Real Estate Journal — New Jersey — May 15 - 28, 2015 — 13B


M id A tlantic

C entral N ew J ersey Repositioning sites into live-work-play centers that will bring new jobs & return rateables IOREBA’S developer’s night panel speaks on the repositioning of corporate campuses in NJ E AST BRUNSWICK, NJ — The Industrial and Office Real Es- tors in Boston to the decreased cost of living options offered by southern states.”

own these properties can read- just purchase prices, developers can more successfully redeploy and reposition the properties into sought after environments for corporations and residents alike. Couple the re-valuing and repositioning of these proper- ties with New Jersey’s many incentive programs available to corporate end-users, developers expect that they will be able to transform the landscapes of these aging corporate campuses, and New Jersey will be well- positioned to retain employment and foster new employment growth. n

the loss of rateables is signifi- cant, and municipalities there- fore have to address current zoning for these properties and embrace developers’ concepts for redevelopment. Not only are there economic disadvantages, but towns can lose thousands of jobs, and local business can suf- fer as well. While PILOT (Pay- ment inLieu of Taxes) programs oftentimes can help real estate tax burdens put on develop- ers looking to reposition these properties, panelists added that local municipalities really need to step up to the plate and work with the state to make it easier

to do business. Mayors Eric J. Hinds (Holm- del) and Daniel J. Hayes, Jr., (Bridgewater) noted that it is necessary for municipalities to work closely with developers to achieve goals for rezoning and creating proper tenant mixes, as well as to develop strong rela- tionshipswith the community by developingmarketing programs that will allow them to realize the vision for the properties. From the developers’ perspec- tives, there is significant capital that is required to redevelop and retrofit these aging corporate campuses. If corporations that

“New Jersey doesn’t need more office space, it needs better office space, most of the office space in the state has outlived its useful life,” said Zucker, whose firm is repositioning the former Bell Labs site in Holm- del, NJ. “It took a long time to communicate our vision for this site to the community, but we committed to our vision and this project will be the lifeblood of the community,” he added. With the departure of major corporate users from the state,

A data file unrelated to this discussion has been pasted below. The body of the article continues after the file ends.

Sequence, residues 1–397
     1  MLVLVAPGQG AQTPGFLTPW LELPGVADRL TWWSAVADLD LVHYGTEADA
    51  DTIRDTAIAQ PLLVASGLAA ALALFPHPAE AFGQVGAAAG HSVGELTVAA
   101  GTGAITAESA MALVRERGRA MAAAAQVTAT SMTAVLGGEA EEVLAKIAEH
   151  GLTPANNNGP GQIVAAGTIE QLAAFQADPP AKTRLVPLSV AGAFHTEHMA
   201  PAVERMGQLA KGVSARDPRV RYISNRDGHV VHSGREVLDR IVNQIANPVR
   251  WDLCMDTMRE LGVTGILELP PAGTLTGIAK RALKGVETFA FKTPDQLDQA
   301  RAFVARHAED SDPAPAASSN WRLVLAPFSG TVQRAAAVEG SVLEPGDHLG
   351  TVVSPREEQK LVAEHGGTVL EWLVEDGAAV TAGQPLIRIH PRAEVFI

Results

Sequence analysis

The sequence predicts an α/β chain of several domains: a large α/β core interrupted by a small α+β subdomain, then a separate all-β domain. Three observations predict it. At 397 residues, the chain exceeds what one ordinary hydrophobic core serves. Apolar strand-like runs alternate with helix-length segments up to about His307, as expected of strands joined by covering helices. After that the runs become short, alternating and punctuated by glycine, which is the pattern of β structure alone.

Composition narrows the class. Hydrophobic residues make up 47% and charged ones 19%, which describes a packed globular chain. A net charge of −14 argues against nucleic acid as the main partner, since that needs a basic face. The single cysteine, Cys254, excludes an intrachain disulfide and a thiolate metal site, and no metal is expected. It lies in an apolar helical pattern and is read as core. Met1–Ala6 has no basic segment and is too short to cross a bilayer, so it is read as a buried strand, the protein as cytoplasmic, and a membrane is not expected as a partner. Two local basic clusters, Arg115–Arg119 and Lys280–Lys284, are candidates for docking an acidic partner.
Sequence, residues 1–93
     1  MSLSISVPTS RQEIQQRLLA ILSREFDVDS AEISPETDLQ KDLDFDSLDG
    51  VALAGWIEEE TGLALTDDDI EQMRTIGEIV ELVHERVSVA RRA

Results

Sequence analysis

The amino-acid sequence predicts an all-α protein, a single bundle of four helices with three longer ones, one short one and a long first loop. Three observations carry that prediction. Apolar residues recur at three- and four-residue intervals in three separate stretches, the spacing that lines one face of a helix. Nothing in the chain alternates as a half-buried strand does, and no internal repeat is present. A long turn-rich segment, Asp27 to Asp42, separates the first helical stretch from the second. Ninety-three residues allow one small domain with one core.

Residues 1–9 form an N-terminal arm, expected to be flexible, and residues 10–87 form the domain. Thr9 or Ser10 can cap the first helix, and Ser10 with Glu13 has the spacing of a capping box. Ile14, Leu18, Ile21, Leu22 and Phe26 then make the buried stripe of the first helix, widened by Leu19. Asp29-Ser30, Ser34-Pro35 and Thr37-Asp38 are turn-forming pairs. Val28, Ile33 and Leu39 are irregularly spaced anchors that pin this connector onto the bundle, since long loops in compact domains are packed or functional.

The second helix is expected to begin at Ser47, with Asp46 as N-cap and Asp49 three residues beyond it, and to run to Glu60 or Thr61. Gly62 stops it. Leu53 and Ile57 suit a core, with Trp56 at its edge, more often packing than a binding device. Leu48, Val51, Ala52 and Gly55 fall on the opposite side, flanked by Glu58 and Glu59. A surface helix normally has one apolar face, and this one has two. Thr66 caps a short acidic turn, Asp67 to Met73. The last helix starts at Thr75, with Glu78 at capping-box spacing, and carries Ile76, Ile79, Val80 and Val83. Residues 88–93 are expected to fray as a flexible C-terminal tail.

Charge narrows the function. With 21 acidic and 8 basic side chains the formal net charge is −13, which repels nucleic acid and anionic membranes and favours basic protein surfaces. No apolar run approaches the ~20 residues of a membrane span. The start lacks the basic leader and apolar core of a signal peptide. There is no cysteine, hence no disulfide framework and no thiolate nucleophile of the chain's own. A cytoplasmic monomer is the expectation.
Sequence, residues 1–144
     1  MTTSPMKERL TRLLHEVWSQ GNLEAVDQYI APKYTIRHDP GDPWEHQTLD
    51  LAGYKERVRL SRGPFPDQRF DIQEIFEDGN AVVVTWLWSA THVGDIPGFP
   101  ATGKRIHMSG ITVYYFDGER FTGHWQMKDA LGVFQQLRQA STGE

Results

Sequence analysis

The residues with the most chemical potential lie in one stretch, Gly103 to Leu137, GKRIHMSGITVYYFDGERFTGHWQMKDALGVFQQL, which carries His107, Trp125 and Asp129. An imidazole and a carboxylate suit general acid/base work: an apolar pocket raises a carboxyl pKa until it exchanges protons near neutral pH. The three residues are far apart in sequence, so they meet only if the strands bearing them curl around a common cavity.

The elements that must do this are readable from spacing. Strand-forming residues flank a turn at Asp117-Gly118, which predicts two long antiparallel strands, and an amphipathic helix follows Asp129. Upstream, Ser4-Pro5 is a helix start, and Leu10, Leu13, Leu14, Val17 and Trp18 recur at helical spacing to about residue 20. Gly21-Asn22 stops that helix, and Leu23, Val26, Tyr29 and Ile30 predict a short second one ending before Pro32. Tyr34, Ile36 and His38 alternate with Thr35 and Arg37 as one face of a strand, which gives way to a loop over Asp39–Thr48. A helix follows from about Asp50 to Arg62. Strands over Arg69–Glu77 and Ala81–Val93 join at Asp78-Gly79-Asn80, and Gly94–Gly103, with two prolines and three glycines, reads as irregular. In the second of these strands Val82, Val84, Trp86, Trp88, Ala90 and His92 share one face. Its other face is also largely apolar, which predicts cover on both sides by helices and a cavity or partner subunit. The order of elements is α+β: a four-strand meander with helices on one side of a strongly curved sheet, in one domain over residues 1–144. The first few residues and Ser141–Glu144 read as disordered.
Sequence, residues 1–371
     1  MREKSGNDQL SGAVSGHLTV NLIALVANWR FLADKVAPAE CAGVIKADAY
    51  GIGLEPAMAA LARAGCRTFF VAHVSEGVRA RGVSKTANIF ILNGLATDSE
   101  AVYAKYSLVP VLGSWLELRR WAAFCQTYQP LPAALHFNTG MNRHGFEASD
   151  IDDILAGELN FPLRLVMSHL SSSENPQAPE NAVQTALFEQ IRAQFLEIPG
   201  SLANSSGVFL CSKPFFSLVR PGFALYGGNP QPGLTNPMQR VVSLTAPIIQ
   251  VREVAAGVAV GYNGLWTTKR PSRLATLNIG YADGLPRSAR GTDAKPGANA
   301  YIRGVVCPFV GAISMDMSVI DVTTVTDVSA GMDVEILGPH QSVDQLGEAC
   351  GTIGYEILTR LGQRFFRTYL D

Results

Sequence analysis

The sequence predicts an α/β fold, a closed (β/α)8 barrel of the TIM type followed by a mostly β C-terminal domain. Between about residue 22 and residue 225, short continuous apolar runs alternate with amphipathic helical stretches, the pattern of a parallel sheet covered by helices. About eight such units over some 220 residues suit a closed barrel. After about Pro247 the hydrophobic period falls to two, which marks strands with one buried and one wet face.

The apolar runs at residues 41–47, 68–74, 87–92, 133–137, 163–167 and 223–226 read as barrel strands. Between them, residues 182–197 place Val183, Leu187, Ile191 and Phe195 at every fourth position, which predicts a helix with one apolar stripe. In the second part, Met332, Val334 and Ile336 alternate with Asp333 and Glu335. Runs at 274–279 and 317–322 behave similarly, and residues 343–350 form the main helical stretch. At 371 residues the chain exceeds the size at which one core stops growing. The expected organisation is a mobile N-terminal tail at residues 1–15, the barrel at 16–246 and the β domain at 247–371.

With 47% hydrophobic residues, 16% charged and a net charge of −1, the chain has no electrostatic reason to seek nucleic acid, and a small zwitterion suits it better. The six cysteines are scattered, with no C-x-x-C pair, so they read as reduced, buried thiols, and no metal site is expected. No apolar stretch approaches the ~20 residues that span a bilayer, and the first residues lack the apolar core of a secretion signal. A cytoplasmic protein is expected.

tate Brokers Association of the New York Metropolitan Area (IOREBA) , recently host- ed its 23rd annual Developer’s Night event at the Marriott at Glenpointe Hotel in Teaneck, NJ. Hundreds of guests fromthe commercial real estate industry were on hand for the event, which highlighted a panel of New Jersey’s prominent devel- opers and politicians discussing “The Repositioning of Corporate Campuses” within the state. “How will suburbia compete in New Jersey, with its aging corporate campuses that are becoming functionally obsolete and the explosive growth and popularity of urban areas such asNewBrunswick and theGold Coast,” Jeffrey Garibaldi , president of The Garibaldi Group , asked the panelists. The two developers on the panel Ralph Zucker , presi- dent of Somerset Develop- ment ; and Peter Cocoziello , president andCEO of Advance RealtyGroup ; respondedwith confidence noting that they each have acquired severalmillion-s/f corporate campuses that were vacated by major corporations, and working together with local municipalities and com- munities, are repositioning the sites into unique live-work-play centers that will bring new jobs and return rateables to the mu- nicipalities. “Even with the millennial movement to urban areas, we see that not everyone wants to live and work in cities like Hoboken and Jersey City, and we also realize that many of the state’s suburban corporate campuses are aging properties with archaic zoning in place,” said Cocoziello. Cocoziello’s company snagged up the former Sanofi-Aventis site inBridgewa- ter, NJ, and is repositioning it into a unique site that will offer office andR&Dspace, hotels and restaurants. “We are taking an already attractive site, which is nearby shopping malls, golf courses and hiking trails, and creating a unique, walkable town that will appeal to the community and corporations,” he said. Garibaldi added that, “New Jersey is vulnerable not only due to the transformations tak- ing place in real estate develop- ment, but also fromcompetition from other hot beds across the country like the bio pharma sec-


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